In the luxury segment, a few high-profile developments include the redevelopment of AXA Tower, the former Maxwell House, the former Peace Centre and Peace Mansion, Newport Residences (former Fuji Xerox Towers) and the Marina View white site.

Some of these developments will add vibrancy and spruce up Districts 1 and 2 with new residences and amenities. The Government may also unveil the master plan and exciting developments for the Greater Southern Waterfront precinct in 2023. New office buildings, housing of various styles and more nature parks may be added to the nearby Keppel, Pasir Panjang and HarbourFront areas.

3. Uncertainties and high interest rate will drive prudence

We do not expect a major property price correction in 2023. Strong employment is sustaining sellers’ pricing power and they may not be inclined to lower prices. However, housing affordability will be of paramount importance to most buyers. As the era of low interest rates may not return any time soon, most buyers will likely be prudent in their home purchases. Therefore, prices of private homes and Housing Board resale flats are forecast to climb at a slower pace of around 5 to 8 per cent in 2023, down from the 9 to 11 per cent in 2022.

The gap between buyer and seller price expectations may cause fewer deals to be closed or deals taking longer to seal. This slowdown may be mitigated by more completed homes ready for resale in 2023. The net impact may see slower demand with possibly 19,000 to 22,500 private homes transacted in 2023, down from 21,000 to 22,500 units in 2022, and below the 33,557 units in 2021. 

4. Rents may stabilise

Landlords may face some challenges in 2023. The pressure of soaring rents may be met with greater resistance. Rising rents may push some tenants to shift from the private residential market to more affordable HDB flats. Locals who cannot afford the prevailing rent may move back to their family homes or choose co-living spaces.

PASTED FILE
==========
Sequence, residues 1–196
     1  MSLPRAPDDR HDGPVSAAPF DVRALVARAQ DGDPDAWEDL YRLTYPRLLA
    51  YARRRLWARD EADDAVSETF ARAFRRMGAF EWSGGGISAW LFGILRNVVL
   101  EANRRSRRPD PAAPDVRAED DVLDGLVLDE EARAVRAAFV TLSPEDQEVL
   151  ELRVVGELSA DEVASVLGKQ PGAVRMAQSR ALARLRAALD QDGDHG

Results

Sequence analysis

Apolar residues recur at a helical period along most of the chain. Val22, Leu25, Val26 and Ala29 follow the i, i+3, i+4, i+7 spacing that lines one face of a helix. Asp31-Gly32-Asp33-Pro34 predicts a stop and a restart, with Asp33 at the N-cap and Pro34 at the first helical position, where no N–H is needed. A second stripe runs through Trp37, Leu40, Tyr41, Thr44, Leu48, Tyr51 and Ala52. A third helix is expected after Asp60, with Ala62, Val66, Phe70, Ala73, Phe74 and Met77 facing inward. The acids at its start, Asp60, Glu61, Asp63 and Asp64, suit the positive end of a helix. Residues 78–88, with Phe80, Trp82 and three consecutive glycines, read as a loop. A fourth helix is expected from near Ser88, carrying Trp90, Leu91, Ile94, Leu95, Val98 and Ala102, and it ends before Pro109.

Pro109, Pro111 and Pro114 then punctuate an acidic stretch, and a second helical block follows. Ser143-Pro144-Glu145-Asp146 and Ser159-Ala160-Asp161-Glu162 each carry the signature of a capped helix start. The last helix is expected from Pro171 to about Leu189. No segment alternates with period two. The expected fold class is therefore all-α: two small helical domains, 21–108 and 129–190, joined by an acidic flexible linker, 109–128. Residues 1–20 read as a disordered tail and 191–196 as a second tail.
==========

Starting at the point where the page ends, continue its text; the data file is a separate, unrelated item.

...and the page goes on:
Further, more homes will be completed and put up for lease. A sizeable number of tenants who had been waiting for the completion of their new homes and were renting in the interim will also start to move into their new units and exit the rental market.

However, the stream of new rental properties may not substantially alleviate rental pressures. The continual inflow of foreign expats will help to fill the vacancy. The overall rental stock will diminish as tenants sign longer leases of at least two years. Landlords may be reluctant to drop rents as they contend with higher maintenance costs, property tax increases, inflation and rising mortgage rates.  

The net effect may see rents peaking and possibly stabilising from the second half of 2023. Although there is little reprieve for tenants, at least rents may not rise as fast as in 2022. We estimate that rental growth may moderate from 26 to 29 per cent in 2022 to 13 to 16 per cent in 2023. Leasing demand may contract from 91,000 to 95,000 units, to 85,000 to 90,000 units over the same period. 

Looking ahead

The uncertain macro-economic environment and volatile equities market have reinforced the need for greater investment security. Many investors will diversify their asset allocation mix and include real estate properties for their stable returns.

Price corrections and housing activity have already turned sluggish in many countries. Although there will not be quick fixes to the global headwinds, Singapore’s property market may ride out the economic challenges differently. Properties here remain highly attractive to local and foreign investors as safe-haven assets. We anticipate a healthy level of investment interest in the year ahead.